6 honest reasons you’re in love with someone you can’t have

We want what we can’t have, plain and simple.

When you’re in love with someone you can’t have, it’s an overwhelmingly infuriating and heartbreaking experience.

Perhaps one of the most puzzling things about the human condition is how we’ve been conditioned to take things for granted. We might be gifted the most beautiful, loving human being in the world as a future spouse, but we’d immediately turn them down for someone who just is not as interested.

Because of the sheer lack of excitement that a “done deal” offers, we can find even the most attractive person boring when we compare them to the person who we just can’t have, which makes it hard to fall for people who actually would be good for us. It makes it hard for us to trust our own emotions and actually see which partners would legitimately be the best pick for us.

If you’re anything like me, you’ve probably wondered why our brains play this cruel trick on us. Well, here are a couple of reasons why this happens.

1. We are typically more upset about lost potential than a lost sure thing.

When you’re with a sure thing, you typically know what you’re getting. You can see they’re human. You can see that they have feelings for you and that they are open to this, that, and the other.

When someone’s just a “maybe,” they tend to be more closed off. This gives us space to come up with who they are in our minds or makes us think there’s more that we don’t see. This makes us wonder what the possibilities are and think that things would be better, even if the actual reality wouldn’t be that good. After all, the road that couldn’t be taken always makes us wonder “what if?”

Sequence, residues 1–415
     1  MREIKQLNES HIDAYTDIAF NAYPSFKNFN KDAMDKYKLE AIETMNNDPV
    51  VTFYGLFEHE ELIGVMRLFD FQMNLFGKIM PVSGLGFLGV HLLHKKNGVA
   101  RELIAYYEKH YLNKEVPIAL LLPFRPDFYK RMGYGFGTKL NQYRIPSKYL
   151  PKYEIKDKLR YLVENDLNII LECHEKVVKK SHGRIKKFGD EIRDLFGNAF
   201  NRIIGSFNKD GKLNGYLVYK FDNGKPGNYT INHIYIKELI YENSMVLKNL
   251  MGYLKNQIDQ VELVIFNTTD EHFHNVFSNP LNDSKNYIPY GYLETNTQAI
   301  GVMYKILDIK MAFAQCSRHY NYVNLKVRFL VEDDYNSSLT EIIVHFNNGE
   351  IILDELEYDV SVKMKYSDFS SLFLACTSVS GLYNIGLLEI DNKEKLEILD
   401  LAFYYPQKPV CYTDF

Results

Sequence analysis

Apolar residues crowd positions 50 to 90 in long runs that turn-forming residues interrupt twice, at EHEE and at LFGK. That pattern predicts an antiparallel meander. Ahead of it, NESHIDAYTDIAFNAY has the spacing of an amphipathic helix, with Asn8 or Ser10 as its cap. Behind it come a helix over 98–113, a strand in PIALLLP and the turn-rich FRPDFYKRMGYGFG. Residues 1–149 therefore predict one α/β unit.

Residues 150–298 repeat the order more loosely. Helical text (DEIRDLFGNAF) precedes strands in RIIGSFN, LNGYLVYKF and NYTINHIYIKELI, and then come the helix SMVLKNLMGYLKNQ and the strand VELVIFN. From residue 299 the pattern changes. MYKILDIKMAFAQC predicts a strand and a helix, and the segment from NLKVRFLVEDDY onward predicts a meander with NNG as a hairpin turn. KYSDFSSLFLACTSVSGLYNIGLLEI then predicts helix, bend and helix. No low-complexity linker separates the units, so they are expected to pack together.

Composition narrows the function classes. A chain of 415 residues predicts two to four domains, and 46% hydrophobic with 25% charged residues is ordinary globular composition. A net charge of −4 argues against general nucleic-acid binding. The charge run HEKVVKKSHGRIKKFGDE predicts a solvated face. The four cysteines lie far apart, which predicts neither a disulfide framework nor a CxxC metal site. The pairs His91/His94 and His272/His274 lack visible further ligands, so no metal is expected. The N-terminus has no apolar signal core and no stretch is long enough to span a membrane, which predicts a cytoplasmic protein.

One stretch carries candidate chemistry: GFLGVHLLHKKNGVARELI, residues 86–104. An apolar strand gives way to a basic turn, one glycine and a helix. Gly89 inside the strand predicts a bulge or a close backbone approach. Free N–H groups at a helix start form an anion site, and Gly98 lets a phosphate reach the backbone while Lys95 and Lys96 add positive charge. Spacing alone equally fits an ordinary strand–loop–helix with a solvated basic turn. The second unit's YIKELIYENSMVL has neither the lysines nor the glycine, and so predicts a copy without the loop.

2. Instincts are at play, too.

Instinctually, we’re supposed to look for a partner that would be the best fit for family rearing purposes. Our brains are wired to think that if a person is enthusiastic about dating us, we’d be dating down, and that we’d be losing out by sharing resources with this person.

A person who’s just ambivalent or slightly disinterested signals that they have better options, which in turn fools us into thinking that we’d be the ones dating up.

3. It’s the thrill of the chase.

Humans are natural predators, even if we’re vegans. We hunt one another, and chasing someone around is exciting. It’s sad, simple, and true.

4. It often feels like we’ve already “conquered” the sure thing.

The problem with the “sure thing” is that we are often way too confident that the person in question will always be around for us. Hint: they won’t be. But our brains won’t listen to the logic that the “sure thing” eventually will get sick of waiting around and bolt.

To our subconscious, we already see the “sure thing” as squared away, while the person who’s not actually available is still a conquerable person.

5. We think that because someone is taken, they must be desirable. 

Mother Nature makes us believe that people who are pre-selected by other potential mates have better genes than those who haven’t been selected. This is often called the “wedding ring effect,” which explains the idea that women tend to prefer men who’ve already been chosen by another woman.

6. We always assume the grass is greener on the other side of the fence.

We always idealize people and things that we can’t have because we always just see the “Pinterest-read” side of them. We forget that person has flaws, too. And that’s why our assumptions make fools of us all.